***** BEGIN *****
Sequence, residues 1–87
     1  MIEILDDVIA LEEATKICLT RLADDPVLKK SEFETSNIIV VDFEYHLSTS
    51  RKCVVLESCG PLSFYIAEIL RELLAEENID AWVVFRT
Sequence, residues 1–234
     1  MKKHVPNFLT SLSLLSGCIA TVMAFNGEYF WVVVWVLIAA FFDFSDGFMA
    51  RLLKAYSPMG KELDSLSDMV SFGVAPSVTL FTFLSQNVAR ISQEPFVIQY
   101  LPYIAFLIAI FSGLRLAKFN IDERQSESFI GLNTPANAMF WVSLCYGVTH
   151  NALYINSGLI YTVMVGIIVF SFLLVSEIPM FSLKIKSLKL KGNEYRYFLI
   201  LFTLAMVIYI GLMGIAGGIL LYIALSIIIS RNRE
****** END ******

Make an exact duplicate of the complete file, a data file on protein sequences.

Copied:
Sequence, residues 1–87
     1  MIEILDDVIA LEEATKICLT RLADDPVLKK SEFETSNIIV VDFEYHLSTS
    51  RKCVVLESCG PLSFYIAEIL RELLAEENID AWVVFRT
Sequence, residues 1–234
     1  MKKHVPNFLT SLSLLSGCIA TVMAFNGEYF WVVVWVLIAA FFDFSDGFMA
    51  RLLKAYSPMG KELDSLSDMV SFGVAPSVTL FTFLSQNVAR ISQEPFVIQY
   101  LPYIAFLIAI FSGLRLAKFN IDERQSESFI GLNTPANAMF WVSLCYGVTH
   151  NALYINSGLI YTVMVGIIVF SFLLVSEIPM FSLKIKSLKL KGNEYRYFLI
   201  LFTLAMVIYI GLMGIAGGIL LYIALSIIIS RNRE